45. Mike, as I said, only with a tad more firmness, obedience is not justified when that obedience runs counter to conscience. Using an ancient, rather creepy, bible story to justify any number of unconscionable acts is just a little too handy, don’t you think?

    I believe in a benevolent, omniscient God, not a God who tells His children to do terrible, pointless things to test their loyalty. “How evil are you willing to be for me?” just doesn’t cut it. We’re talking about Jehovah, not Thor.

    When asked to choose between conflicting scriptures, I’ll always pick the one that comes closer to matching the character of a God I can worship in good conscience.

  46. An excellent point, Ray. I’ve always preferred that interpretation. Sadly though, it doesn’t seem to be considered often.

  47. whizzbang says:

    @43-interesting interpretation, never heard it before. I was wondering how you would interpret DC 101:4?
    “Therefore, they must needs be chastened and tried, even as Abraham, who was commanded to offer up his only son.”

  48. #46 – By believing that all of us are chastened for and tried by our inability to live according to the dictates of our own conscience – for being too willing to accept Lucifer’s plan that said, in essence, “They will do whatever I tell them to do simply because I will be their God.” Any time a mortal leader puts himself or herself in the place of God and demands obedience just because they are a leader, they are implementing Lucifer’s plan within their realm – and I believe the same would be true of God, which means I don’t believe God does it. .

    By believing that part of godhood is the ability to do what is right no matter the consequences – or, at least, what we believe to be right.

    Also, I think Adam is a great example of a counter action – since he had two clear choices: stay with God in paradise or “fall” to a lower glory with Eve. He chose Eve – and, by extension, their children. I think that is not insignificant, especially since I believe the Garden narrative is figurative.

  49. Genevieve says:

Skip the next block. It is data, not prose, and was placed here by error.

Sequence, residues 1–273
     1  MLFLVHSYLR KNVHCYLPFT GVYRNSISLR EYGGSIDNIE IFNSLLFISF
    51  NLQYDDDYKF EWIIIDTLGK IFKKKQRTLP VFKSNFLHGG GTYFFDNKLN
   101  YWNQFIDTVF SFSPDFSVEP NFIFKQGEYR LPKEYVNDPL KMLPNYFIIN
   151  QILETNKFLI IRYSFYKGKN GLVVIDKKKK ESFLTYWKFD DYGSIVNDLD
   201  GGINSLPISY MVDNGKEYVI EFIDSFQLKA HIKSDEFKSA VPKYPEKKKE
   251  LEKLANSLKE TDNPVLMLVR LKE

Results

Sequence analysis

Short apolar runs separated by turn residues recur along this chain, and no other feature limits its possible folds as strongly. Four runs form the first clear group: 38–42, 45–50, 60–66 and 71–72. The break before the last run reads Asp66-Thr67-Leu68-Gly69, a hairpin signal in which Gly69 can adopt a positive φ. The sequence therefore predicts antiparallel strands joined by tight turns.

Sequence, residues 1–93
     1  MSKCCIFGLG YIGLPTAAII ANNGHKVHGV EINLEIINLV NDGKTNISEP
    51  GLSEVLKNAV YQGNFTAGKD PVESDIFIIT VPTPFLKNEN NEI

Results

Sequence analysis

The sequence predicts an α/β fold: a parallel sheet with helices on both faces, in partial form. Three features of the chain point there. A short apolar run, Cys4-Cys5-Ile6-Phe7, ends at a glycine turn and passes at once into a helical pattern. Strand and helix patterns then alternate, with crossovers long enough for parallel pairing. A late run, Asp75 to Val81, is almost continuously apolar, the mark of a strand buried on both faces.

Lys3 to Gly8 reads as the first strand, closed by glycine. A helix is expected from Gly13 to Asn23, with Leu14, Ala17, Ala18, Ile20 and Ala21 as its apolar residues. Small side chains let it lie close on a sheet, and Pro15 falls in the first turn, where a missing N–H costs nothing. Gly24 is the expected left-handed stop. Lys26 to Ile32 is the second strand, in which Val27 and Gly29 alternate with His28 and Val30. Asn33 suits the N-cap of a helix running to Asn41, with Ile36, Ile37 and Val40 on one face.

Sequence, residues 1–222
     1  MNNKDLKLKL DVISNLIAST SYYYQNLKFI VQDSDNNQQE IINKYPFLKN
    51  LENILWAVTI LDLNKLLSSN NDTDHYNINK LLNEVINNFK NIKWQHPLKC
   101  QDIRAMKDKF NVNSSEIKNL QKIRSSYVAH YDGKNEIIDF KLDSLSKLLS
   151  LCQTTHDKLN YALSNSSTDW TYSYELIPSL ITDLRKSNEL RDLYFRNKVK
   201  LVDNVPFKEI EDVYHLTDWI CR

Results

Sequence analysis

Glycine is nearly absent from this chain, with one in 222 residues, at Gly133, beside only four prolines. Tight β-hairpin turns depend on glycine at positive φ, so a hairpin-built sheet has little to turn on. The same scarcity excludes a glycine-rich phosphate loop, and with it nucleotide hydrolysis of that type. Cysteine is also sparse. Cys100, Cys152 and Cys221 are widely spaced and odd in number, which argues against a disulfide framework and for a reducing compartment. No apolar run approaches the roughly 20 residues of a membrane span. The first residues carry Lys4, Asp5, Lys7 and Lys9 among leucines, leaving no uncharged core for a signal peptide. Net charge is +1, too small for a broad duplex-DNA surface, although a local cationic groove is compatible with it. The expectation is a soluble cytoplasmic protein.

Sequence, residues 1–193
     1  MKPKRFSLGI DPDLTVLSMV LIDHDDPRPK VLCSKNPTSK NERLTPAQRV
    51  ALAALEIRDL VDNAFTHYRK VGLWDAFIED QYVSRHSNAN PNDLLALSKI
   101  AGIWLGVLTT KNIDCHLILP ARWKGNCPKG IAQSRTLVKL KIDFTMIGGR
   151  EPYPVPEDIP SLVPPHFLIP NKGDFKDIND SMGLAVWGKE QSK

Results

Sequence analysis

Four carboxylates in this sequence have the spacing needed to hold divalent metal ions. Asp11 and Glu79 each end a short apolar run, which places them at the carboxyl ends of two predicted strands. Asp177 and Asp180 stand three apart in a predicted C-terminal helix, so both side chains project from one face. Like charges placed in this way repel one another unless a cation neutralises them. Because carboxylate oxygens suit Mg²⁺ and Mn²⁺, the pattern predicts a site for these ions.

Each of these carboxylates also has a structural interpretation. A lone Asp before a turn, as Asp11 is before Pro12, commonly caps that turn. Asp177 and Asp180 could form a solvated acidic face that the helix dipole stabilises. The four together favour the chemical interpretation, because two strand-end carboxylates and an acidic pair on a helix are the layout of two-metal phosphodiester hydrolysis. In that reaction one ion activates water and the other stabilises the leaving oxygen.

Regarding D&C 1:38:

    “Whether by mine own voice or by the voice of my servants, it is the same,” is sometimes read out of context and used to prove that hearing a prophet or priesthood leader speak equals hearing God speak. That’s not how I read it at all.

    That phrase comes at the end of the verse, and it refers, perhaps parenthetically, to instances where God has spoken. That is, we are to understand that whatever God says will come to pass, and that when God has spoken it doesn’t matter whether he has used his own voice or that of his servants. I read it as sort of an if-then proposition. If God speaks through His servants, then the words have the same bearing as if He had spoken with His own voice. But it does not follow that everything that His servants say is from God.

    If I gave someone power of attorney over my finances, they could sign my checks for me and act in my name, and I might say, “whether by my own signature or by the signature of my agent, it is the same.” But surely that agent acting on my behalf would sign their own personal checks too. Not every signature would be on my behalf. Not everything that my agent did would be the same as if I myself were doing it.

  50. When we consider Abraham’s test, we need to remember that he had faith that God would keep His promise and raise Isaac from the dead (if necessary) so that Abraham would have the infinite posterity that God has promised Him through Isaac. Hebrews 11: 17-19 reads, “By faith Abraham, when he was tried, offered up Isaac: and he that had received the promises offered up his only begotten son,Of whom it was said, That in Isaac shall thy seed be called: Accounting that God was able to raise him up, even from the dead; from whence also he received him in a figure.”

    Off set stories:

    1. After Moses spoke with the Lord, explaining that the people wanted meat rather that manna, the Lord tells him the Israelites will have quail for eat for an entire month. After this interchange, Joshua complained to Moses that two ordinary men, Eldad and Medad, are prophesying in the camp and asked him to stop the men from doing so. “And Moses said unto him, Enviest thou for my sake? would God that all the LORD’S people were prophets, and that the LORD would put his spirit upon them!” (Numbers 11:29)

    2. “And John answered and said, Master, we saw one casting out devils in thy name; and we forbad him, because he followeth not with us. And Jesus said unto him, Forbid him not: for he that is not against us is for us” (Luke 9:49).

    3. The Parable of the Prodigal Son portrays our Father as loving His wayward children and receiving them as sons, not servants. This parable is a powerful example of God’s unconditional and infinite love for His children, a pure love that transcends obedience as represented by the older brother but includes all of His children, even those who struggle, make mistakes, and disobey Him as the younger brother did.

  51. #49 – katie88: “We need to remember” =/= “we need to agree”. I can be fully aware of Paul’s view and still think there is a better view – for me.

    “As far as it is translated correctly” allows me to choose whatever interpretation makes the most sense to me – and that is true of all scriptures. Paul wasn’t infallible, either, so what he believed about an ancient story that might or might not have happened (and important point, imo) doesn’t force me to believe the story in the same way.